Ex-FAA Worker Seeks Court Ruling Saying Anti-Gay Job Bias Prohibited Under Existing Civil Rights Laws
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The U.S. Supreme Court's June ruling in favor of nationwide marriage equality was among the most significant legal victories in the history of the LGBT civil rights movement.
But another lawsuit filed last week has the potential to eclipse Obergefell v. Hodges in terms of overall impact because it would affect more people, according to an attorney for the plaintiff.
In the face of Congress' longtime failure to pass explicit LGBT job protections, former Federal Aviation Administration employee David Baldwin's lawsuit is aimed at obtaining a federal decision — and eventually from the high court itself — saying anti-gay job bias is already illegal under existing civil rights laws.
“Mr. Baldwin’s case has the ability to affect more people than the [Supreme] Court’s Obergefell [marriage] case because there are more gay men and women who have jobs than same sex couples who want to get married,” Baldwin’s lawyer, Lowell Kuvin, told BuzzFeed News.
In 2012, Baldwin filed a complaint with the Equal Employment Opportunity Commission alleging he was denied a promotion and suffered harassment based on his sexual orientation while working as a temporary frontline manager at Miami International Airport. This July, the EEOC ruled in Baldwin's favor, saying anti-gay bias qualifies as sex discrimination under Title VII of the Civil Rights Act of 1964.
The EEOC's decision came two years after it ruled that transgender people are protected against job discrimination under the Civil Rights Act. And although both decisions were historic, they are binding only on federal agencies and don't necessarily protect non-governmental employees. Since the EEOC's decision in his case, Baldwin has sought to resolve the case with the FAA, but the agency never responded, prompting his lawsuit.
Baldwin's lawsuit, which names transportation secretary Anthony Foxx and FAA Administrator Michael Huerta as defendants, alleges he was passed over for a promotion to permanent front line manager in favor of less qualified people on three separate occasions. In addition, Baldwin's supervisors repeatedly made disparaging remarks about his sexual orientation, the suit states.
For example, when Baldwin mentioned that he and his partner had attended Mardi Gras in New Orleans, one of his supervisors, Mark Scott, responded that "we don't need to hear about all that gay stuff." Baldwin was also repeatedly told he was "a distraction in the radar room" when he discussed his partner. When Baldwin mentioned that his partner prepared him lunch each day, he was told the "comment was inappropriate" and to "get out of the radar room with that kind of talk."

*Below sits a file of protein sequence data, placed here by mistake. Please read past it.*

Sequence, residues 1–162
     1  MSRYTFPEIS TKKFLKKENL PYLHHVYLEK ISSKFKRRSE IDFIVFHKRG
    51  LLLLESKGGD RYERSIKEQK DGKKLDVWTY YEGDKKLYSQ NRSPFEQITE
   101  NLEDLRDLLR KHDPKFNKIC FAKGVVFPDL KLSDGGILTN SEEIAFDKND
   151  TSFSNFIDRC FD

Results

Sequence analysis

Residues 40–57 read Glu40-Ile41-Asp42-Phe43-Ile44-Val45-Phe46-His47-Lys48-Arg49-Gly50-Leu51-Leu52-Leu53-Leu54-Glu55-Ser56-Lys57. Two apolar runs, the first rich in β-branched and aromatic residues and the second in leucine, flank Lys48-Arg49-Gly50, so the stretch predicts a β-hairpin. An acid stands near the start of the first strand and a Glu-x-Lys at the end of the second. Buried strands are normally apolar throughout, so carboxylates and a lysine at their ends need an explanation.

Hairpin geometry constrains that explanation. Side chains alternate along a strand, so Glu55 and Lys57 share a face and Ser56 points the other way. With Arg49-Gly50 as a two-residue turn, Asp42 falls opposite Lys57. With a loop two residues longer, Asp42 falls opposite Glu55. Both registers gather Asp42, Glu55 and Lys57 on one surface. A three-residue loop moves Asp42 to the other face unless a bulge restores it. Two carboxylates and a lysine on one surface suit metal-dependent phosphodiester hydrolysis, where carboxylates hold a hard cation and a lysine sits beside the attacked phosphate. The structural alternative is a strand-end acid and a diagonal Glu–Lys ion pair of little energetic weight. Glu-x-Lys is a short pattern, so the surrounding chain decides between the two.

"The fact that Plaintiff is male and gay was a motivating factor in the decision to not promote Plaintiff,” the complaint states. “Plaintiff was singled out due to his sexual orientation and treated differently than heterosexual co-workers.”
Baldwin’s suit seeks back pay, compensatory damages, punitive damages, reinstatement of front pay, injunctive relief and attorney’s fees. But above all, Baldwin hopes his case will help lead to employment protections for gay workers throughout the U.S. Currently, only 22 states ban anti-gay job discrimination, and the Equality Act, which would establish comprehensive federal civil rights protections, remains stalled in Congress.
"I am confident that this decision will be the deciding factor in saving countless jobs," Baldwin told The Washington Blade following the EEOC's decision in July. "That anyone would lose their job simply because of whom they are is a travesty. The LGBT community was never looking for ANY special consideration. We simply want the exact same protections as every other American citizen under already existing laws. Nothing more, nothing less."
Since the EEOC's decision, LGBT advocates have strongly encouraged people who suffer anti-gay job discrimination to file complaints with the commission alleging sex discrimination under the Civil Rights Act.
According to the Blade, Baldwin is a 57-year-old Navy veteran who met his partner, Keith George, seven years ago at a Metropolitan Community Church. They've since relocated to New Orleans, where they're renovating a health club that had recently closed.
Read Baldwin's full complaint here.
Image by David Baldwin, used with permission
Hat tip: BuzzFeed News